Los Angeles Office Location
Hennig Ruiz Law Firm
Not sure if you have a legal case? Call us to talk to a lawyer:
Free Consultations
424-394-0464
One Of The Most Successful Workers' Rights Trial Law Firms In California

Employment Law News Roundup: November 2015

employment-law-news-roundup-november-2015.jpg

November was an important month for employment law issues in both California and nationwide due to some shocking reports on gender pay equality, plus notable workplace discrimination and employer retaliation cases that hit the headlines.

Because a number of stories regarding employment law are published daily, we've decided to keep our readers informed by offering an employment law news roundup each month with summaries and links to top employment law-related content from around the web.

The following stories are an overview of just some of the latest developments in employment law, cases and legislation for November 2015.

employment-law-news-roundup-november-2015.jpg

November was an important month for employment law issues in both California and nationwide due to some shocking reports on gender pay equality, plus notable workplace discrimination and employer retaliation cases that hit the headlines.

Because a number of stories regarding employment law are published daily, we've decided to keep our readers informed by offering an employment law news roundup each month with summaries and links to top employment law-related content from around the web.

The following stories are an overview of just some of the latest developments in employment law, cases and legislation for November 2015.

Top Employment Law News Stories for November 2015

1.) ACLU's Melissa Goodman on Gender Discrimination: It's a Legal and Civil Rights Problem

As you may have seen, women in Hollywood have been raising awareness in regards to the ongoing gender bias problem in the film industry. In fact, the Equal Opportunity Employment Commission (EEOC) has been investigating the issue of whether female directors are facing gender discrimination in the workplace. The ACLU of Southern California has also been involved in this matter where the organization began its own investigation nearly two and a half years ago.

Melissa Goodman, director of the LGBTQ, Gender & Reproductive Justice Project at the ACLU of Southern Californiarecently spoke with Variety to discuss this important issue facing female employees in Hollywood and across California.

Read the full story on Variety

2.) America Might Have Accidentally Banned Transgender Discrimination in 1964

In early November, the Obama administration endorsed an amendment that could expand the Civil Rights Act of 1964 to protect Americans who identify as gay or transgendered. In America, there isn't an explicit federal law that prevents employees from being fired, or people from being evicted or refused service due to their gender identity or sexual orientation. Since 1994, a proposal to simply ban workplace discrimination for the American LGBT community has been continuously stymied.

The White House announced its support for The Equality Act which seeks to provide more protections for LGBT Americans, and in a more direct manner. The Equality Act would include language about transgender or gay individuals into the Civil Rights Act of 1964. But, interestingly, transgender people could already be protected by the Civil Rights Act of 1964 without the added language, as it bans discrimination by "sex." Legal scholars say that the precedent against "sex-stereotyping" may extend to transgender Americans if these persons are discriminated against since they do not behave according to the sex assigned at birth.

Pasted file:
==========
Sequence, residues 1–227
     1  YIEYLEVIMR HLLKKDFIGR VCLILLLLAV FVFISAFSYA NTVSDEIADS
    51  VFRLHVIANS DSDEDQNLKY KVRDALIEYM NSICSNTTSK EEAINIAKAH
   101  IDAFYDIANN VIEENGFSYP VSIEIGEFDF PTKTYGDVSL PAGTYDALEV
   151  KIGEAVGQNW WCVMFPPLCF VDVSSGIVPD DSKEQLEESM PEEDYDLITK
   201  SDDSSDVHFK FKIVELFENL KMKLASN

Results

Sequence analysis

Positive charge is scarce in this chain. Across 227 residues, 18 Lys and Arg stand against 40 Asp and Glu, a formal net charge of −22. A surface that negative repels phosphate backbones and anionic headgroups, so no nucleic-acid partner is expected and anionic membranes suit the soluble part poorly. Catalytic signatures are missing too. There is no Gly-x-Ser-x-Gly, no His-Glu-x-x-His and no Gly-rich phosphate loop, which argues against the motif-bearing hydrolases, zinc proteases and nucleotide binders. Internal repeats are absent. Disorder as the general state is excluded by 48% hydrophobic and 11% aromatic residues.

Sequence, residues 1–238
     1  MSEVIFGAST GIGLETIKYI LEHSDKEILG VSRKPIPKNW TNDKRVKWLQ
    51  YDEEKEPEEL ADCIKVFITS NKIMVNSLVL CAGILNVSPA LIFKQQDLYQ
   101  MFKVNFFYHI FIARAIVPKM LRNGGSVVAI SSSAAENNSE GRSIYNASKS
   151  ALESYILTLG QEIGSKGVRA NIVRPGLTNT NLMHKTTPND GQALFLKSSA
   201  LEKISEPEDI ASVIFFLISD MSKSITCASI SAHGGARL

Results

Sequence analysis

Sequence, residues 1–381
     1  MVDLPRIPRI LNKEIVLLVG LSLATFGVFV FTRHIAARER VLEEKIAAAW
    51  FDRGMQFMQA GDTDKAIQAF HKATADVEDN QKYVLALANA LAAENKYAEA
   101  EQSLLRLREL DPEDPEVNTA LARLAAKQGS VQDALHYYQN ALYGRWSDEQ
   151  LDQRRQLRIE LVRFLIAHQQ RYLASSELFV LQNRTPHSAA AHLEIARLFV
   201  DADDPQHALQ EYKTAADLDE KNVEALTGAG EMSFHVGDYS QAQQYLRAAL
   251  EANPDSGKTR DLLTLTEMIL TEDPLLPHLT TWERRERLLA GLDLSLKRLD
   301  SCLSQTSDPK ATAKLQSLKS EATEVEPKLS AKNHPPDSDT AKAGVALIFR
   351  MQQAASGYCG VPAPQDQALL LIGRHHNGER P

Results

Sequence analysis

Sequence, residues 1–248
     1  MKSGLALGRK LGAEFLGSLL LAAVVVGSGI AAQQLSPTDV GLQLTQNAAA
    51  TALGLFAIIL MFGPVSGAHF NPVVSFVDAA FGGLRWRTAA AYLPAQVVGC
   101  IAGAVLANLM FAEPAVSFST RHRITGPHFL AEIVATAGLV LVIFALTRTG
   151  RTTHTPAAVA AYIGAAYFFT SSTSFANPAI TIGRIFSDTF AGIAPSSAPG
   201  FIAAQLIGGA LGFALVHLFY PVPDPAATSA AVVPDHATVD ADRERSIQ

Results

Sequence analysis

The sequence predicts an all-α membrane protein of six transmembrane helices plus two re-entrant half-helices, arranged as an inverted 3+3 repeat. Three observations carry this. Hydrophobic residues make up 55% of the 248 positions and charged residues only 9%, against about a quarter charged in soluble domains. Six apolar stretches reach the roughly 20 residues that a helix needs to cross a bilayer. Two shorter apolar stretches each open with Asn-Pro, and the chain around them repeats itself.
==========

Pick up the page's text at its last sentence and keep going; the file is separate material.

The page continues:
Read the full story on The Washington Post

3.) California Employee Fired for Reporting Theft of Wedding Ring

A California dental hygienist was recently retaliated against by her employer, prompting her to sue her employer for retaliation and wrongful termination.

Rosa Lee Cardenas, a dental hygienist, alleged wrongful termination by M. Fanaian, D.D.S., Inc. in 2010 after reporting to police that her 25th anniversary wedding ring was stolen while at work.Cardenas says her employer fired her due to the tension the police investigation caused with other staff members. Although the jury found in Cardenas' favor in both her retaliation and wrongful termination claims, and her employer appealed, Cardenas ultimately won her case.

Read the full story on HR.BLR.com

4.) California Work-Related Injuries and Illnesses Fall to Lowest Level in 13 Years

The National Law Review reports that according to occupational injury and illness data released by the California Department of Industrial Relations, in the state of California, the incidence of occupational injuries and illnesses remain at their lowest level in 13 years. The Survey of Occupational Injuries and Illnesses (SOII) data reflect 460,000 reportable injury and illness cases in 2014, a decrease from 468,400 cases in 2013.

See the full report from The State of California Department of Industrial Relations

5.) House OKs Bill to Exempt Tribal Businesses from Labor Law

On November 17 the U.S. House of Representatives, by a 249-177 vote, passed the Tribal Labor Sovereignty Act (H.R. 511), which would exclude "any enterprise or institution owned and operated by an Indian tribe and located on its Indian lands" from the labor law provisions of the National Labor Relations Act.